Muhammad said that if you have bread in one hand, you should have a flower in the other because one feeds the body and the other feeds the soul,” says Veena Dass, one of the early Indian exponents of ikebana, the Japanese art of flower arrangement.
We are discussing the forthcoming ikebana conference in Delhi next week. Yes, flowers need conferences too. Delhi is hosting the 12th Asian Regional Conference from 21-25 November at The Lalit. If you love flowers and are in Delhi, you might want to phone Delhi Ikebana International and register to attend.
The big names in Indian ikebana, most of them women—the senseis and the rijis, as the various masters are called—will gather to cut and arrange flowers, foliage, branches, rocks and anything else that catches their fancy to create objects of beauty. The two big schools—Sogetsu and Ohara—will have masterclasses for interested participants.
Gursharan Kaur, wife of the Indian Prime Minister, is the chief guest for one masterclass by Rishi Otsuka, a visiting Japanese ikebana artiste. Salma Ansari, wife of our vice-president, will preside over a demonstration by Dass, who was recently conferred the title of Kyoku-jitsu Soko Sho, or the Order of the Rising Sun—Gold and Silver Rays, by the emperor of Japan. Which lends credence to my theory that titles should never be translated because many poetic names and titles sound silly in English.
Dass’ presentation will “trace a woman’s emotional journey expressed through the language of ikebana”, she says. While she does her ikebana demonstration, there will be a live dance performance choreographed by Shovana Narayan. “I am using the concepts of navras, or emotions of the Natya Shastra, and expressing it through ikebana,” says Dass, who was one of the founder-members of the Delhi chapter, established in 1966.
They blow me away, these women—these mothers and aunties who belong to a generation before ours. It is not only that they are able to combine ikebana with navras; the global and the local, with feet firmly on the ground while allowing the winds of other lands—or the fragrance of other flowers, in this case—to blow through their homes in a way that would make Gandhiji smile. It isn’t only that they are able to be both modern and Indian—like Chandra Jain, a woman I met recently who combines the spirit of Western volunteerism through her NGO Kadambari with a deep Indian reverence for heritage and craft. What blows me away about these women is how rooted they are in their identity and culture while venturing into the world. Like Sensei Malathi Pandurang, who started the Sogetsu School’s Chennai chapter.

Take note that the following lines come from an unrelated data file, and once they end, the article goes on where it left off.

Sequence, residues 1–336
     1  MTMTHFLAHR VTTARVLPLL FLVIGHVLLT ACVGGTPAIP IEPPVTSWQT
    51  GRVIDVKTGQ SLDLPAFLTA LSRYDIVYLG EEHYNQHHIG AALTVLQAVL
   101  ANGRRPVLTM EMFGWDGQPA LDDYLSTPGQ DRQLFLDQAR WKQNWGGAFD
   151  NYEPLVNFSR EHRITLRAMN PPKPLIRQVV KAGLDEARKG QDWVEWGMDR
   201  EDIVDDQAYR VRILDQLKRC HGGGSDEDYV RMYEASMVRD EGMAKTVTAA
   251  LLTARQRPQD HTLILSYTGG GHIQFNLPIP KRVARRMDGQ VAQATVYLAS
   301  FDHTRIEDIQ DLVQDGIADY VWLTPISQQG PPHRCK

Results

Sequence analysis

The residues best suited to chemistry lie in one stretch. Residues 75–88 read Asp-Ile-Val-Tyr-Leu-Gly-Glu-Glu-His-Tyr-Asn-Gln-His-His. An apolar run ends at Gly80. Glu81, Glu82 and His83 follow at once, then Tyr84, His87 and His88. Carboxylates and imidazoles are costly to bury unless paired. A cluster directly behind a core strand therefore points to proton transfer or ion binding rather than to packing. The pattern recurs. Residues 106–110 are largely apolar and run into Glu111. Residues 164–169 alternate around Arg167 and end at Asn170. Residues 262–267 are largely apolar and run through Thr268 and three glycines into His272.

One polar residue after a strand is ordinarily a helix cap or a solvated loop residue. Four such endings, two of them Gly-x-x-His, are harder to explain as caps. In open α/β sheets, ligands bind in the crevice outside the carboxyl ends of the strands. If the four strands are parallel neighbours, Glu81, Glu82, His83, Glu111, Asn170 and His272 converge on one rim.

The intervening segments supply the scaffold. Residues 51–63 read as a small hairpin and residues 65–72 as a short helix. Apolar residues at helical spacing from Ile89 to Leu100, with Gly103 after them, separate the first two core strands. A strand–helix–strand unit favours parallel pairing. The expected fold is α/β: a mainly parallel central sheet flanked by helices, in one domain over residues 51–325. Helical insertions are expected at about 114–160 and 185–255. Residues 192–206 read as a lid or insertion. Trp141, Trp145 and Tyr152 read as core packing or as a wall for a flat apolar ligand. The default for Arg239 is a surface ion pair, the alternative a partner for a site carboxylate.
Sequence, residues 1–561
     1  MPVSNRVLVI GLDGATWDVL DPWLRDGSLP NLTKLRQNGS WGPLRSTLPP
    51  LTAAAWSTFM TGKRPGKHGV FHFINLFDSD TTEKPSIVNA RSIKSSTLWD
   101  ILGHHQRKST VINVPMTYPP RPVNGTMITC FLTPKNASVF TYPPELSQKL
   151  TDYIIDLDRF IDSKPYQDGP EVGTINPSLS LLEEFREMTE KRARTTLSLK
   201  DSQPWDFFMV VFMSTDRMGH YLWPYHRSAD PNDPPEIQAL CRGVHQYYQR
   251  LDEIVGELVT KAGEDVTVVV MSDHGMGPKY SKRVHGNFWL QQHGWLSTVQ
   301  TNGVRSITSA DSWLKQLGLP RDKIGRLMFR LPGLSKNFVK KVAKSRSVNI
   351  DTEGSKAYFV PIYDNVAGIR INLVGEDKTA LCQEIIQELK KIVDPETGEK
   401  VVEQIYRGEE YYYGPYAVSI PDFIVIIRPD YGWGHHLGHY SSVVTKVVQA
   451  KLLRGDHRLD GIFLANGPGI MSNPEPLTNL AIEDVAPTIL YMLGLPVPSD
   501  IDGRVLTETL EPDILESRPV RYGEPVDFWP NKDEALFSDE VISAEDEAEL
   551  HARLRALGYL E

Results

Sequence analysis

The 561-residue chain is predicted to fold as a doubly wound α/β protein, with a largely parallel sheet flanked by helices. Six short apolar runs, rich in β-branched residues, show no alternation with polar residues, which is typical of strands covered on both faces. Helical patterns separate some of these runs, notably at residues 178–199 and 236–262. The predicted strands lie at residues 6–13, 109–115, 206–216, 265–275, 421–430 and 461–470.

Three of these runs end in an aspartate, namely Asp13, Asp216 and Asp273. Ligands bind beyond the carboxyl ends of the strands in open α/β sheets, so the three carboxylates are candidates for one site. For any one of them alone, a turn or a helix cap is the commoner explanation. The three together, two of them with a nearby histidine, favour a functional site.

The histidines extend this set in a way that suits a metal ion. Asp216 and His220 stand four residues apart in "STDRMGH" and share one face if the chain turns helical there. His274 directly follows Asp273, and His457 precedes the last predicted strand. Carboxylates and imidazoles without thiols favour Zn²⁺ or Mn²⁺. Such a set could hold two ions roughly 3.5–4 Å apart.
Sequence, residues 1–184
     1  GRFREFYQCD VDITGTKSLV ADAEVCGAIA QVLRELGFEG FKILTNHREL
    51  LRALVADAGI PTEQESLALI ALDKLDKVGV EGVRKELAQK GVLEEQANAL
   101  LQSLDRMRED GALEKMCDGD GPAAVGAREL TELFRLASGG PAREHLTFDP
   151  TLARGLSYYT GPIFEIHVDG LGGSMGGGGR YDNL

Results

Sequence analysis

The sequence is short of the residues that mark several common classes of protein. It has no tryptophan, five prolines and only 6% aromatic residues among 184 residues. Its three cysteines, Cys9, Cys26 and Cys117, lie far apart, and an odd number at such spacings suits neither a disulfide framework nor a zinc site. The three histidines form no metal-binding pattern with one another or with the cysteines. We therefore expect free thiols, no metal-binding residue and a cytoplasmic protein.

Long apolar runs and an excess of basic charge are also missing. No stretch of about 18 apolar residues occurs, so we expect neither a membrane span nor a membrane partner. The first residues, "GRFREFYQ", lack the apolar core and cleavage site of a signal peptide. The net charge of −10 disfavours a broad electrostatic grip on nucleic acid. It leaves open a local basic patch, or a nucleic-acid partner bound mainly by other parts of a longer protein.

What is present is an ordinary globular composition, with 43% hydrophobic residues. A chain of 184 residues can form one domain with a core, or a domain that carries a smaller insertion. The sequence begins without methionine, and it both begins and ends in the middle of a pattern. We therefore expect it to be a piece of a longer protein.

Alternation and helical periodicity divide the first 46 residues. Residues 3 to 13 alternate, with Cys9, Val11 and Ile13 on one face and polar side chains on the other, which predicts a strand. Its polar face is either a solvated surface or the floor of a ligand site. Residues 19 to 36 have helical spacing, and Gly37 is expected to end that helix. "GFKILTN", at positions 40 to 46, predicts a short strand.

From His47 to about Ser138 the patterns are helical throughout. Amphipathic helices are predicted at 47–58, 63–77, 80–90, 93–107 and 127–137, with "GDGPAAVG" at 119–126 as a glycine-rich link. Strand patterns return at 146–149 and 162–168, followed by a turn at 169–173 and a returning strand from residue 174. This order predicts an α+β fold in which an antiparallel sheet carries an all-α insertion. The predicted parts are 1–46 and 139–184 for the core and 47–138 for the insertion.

I have known Malathi aunty (she is the mother of my college classmate) for some 20 years. Clad always in simple saris, mostly cotton, she exudes a refinement that comes from years of studying the Japanese aesthetic. Like many of the women who inhabit this space, she is both housewife and artiste. She visits Japan frequently, and speaks Kannada at home. She is among the most senior senseis or teachers in India. Yet she leads a quiet life in Chennai, attending concerts at The Music Academy and family weddings.
Get her in front of flowers and she changes. At a recent demonstration in Chennai, she offered critiques and provided context. “Delhi and Bangalore are blessed with lots of flowers so the ikebana there is very exuberant and generous. In Chennai, we are forced to be more minimalist.” She doesn’t say this but her tone seems to indicate an approval for Chennai’s minimalism.
Ikebana and India have a long connection. Buddhism went to Japan from India and the temple priests were used to offering flowers to God. “Cut flowers are not part of India’s aesthetic culture,” says Malathi aunty “But once I explain to my students that ikebana originated as a sacred temple art, they infuse it with our concept of bhakti or devotion.” Marrying the local with the global—see what I mean?
I don’t know ikebana. My mother learnt it and a couple of years ago, she gave me her vases and bases with spikes—called kenzan. Since then, I have been sticking flowers and stems and converting them into arrangements. On Facebook, I stalk the Sogetsu Study Group and relax by watching photos of lovely flower arrangements. I never considered learning ikebana because I thought it would be complicated, with lots of trips to the florist. That, says Dass, is a fallacy.
“People think ikebana is expensive. Not so,” she says. “Sometimes my husband will come home and say we are having guests for dinner. I will fashion an arrangement using just a couple of leaves and a pebble. You don’t need a lot of flowers to express your vision. I sometimes pick up branches that are destined for the garbage bin.”
That’s the other thing I noticed about the ikebana gang. They are foragers. Wherever they go, they pick up objects from nature that have fallen from trees and are discarded: pine cones, flowers, leaves, branches, just about anything.
“Ikebana is my way of being mindful,” says Pandurang, echoing Zen teachings. “It is a way of connecting with nature and the seasons.”
Dass says it a little differently. “Ikebana is like a performance. The arranger is the composer; the vase is the conductor; and the flowers are the musicians. They must work together to create something of surpassing merit.”